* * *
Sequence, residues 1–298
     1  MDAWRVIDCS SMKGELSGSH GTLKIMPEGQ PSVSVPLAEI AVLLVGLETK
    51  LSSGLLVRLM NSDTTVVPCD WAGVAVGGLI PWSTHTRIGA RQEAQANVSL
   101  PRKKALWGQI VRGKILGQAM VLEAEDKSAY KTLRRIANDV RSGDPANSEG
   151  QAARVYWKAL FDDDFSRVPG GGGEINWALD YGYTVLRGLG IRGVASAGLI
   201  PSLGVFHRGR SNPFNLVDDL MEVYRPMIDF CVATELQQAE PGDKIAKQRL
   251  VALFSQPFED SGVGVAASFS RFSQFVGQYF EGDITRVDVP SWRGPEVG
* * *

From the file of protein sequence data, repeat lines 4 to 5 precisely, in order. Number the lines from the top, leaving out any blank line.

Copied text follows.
   101  PRKKALWGQI VRGKILGQAM VLEAEDKSAY KTLRRIANDV RSGDPANSEG
   151  QAARVYWKAL FDDDFSRVPG GGGEINWALD YGYTVLRGLG IRGVASAGLI